By Duurt Dijkman – Founder at MsportXtra
Being a marshal is often looked at as an underrated job, which is done mainly by many volunteers. But if they are not around the track, not one race could be run as the marshals are essential for many different reasons and not just for waving a flag or recover a car. I got in touch with a couple who are both working as a marshal at a number of different tracks. Kim Ellis and Rafaël Slechten are followers of my MsportXtra account on Twitter, so asking them for a Q&A was a no-brainer for me. They were kind enough to answer my questions so enjoy an inside look of what it means to be a marshal.
“Marshals are not just for waving flags”
Q1. What made you two become marshals ?
“‘The first race that I ever attended was also the first race that I ever marshalled.”
Q2. Taking a race at Spa-Francorchamps or the Nürburgring, what do you both need to do to prepare for such a long weekend ?
Q3. What kind of qualifications or certificates do you need to have as a marshal and are there grades for different circuits or racing categories ?
Q4. When marshalling a 24 hour race, you also need to eat and sleep. How are the arrangements for marshals or do you have to get that sorted out yourself ?
Q5. With social media being such a large part of motor racing these days, is it helpful for you both when being at a marshal post? Checking live timing or a livestream when something happened somewhere else on track ?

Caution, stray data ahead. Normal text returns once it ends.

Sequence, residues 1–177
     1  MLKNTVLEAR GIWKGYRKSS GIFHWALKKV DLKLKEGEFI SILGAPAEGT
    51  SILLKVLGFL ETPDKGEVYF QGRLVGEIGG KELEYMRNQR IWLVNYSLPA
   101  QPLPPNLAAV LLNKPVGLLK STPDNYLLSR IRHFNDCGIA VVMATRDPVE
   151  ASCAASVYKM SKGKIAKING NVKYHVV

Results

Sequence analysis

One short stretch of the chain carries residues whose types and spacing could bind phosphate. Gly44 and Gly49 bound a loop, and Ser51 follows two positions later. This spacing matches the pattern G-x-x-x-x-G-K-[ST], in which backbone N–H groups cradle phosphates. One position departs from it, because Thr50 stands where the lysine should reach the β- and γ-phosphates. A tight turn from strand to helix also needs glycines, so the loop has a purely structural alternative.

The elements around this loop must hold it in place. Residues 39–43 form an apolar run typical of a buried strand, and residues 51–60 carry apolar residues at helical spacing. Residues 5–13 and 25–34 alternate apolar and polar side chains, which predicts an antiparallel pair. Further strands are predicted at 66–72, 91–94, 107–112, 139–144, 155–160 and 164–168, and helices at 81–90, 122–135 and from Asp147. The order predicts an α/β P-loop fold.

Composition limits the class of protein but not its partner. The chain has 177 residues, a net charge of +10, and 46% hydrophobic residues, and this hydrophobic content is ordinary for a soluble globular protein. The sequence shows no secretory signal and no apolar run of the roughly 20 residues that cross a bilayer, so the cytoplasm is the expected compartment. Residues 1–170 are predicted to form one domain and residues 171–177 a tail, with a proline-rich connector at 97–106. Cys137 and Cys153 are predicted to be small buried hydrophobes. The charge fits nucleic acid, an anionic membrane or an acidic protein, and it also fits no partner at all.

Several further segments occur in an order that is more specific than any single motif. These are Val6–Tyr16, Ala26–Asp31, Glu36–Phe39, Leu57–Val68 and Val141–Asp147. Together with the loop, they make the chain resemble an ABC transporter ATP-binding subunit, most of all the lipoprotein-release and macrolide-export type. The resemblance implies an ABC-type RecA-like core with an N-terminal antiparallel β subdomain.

Q6. Being a marshal is usually on a volunteering basis, so how hard is it to combine it with professional life since you also have to be at the track from Thursday or Friday on for example ?
Q7. A more difficult question for you both. Which race, where you were on call, was the most beautiful one as a marshal and why ?
“You come for the cars, you stay for the people”
Q8. People usually think of marshals being the ones waving a flag or recovering a car but what do you do during a race weekend besides waving a flag or recovering a car?
Q9. You both do 24 hour races, when there is als action at night. What things do you need to pay extra attention to, because I gather the flags won’t be seen well when it’s dark.
Q10. Final question. If it were up to you both, what changes (if any) would you like to see implemented so you can do a better or easier job ?
Thank you to both Kim and Rafaël for your time, hopefully it gives the readers a more in-depth of what it means to be a marshal and in the process, made the readers interested to become a marshal themselves. If you want to know more about Kim Ellis and Rafaël Slechten, or at which track they are working, follow them on Twitter. Kim – www.twitter.com/rttfm and Rafaël – www.twitter.com/AmbuRaf.
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Did you get a feeling of what it is to be a marshal and would you like to be one yourself one day? You can best start locally, for the Dutchies this means Zandvoort or Assen would be your best shot. Just subscribe and start from there.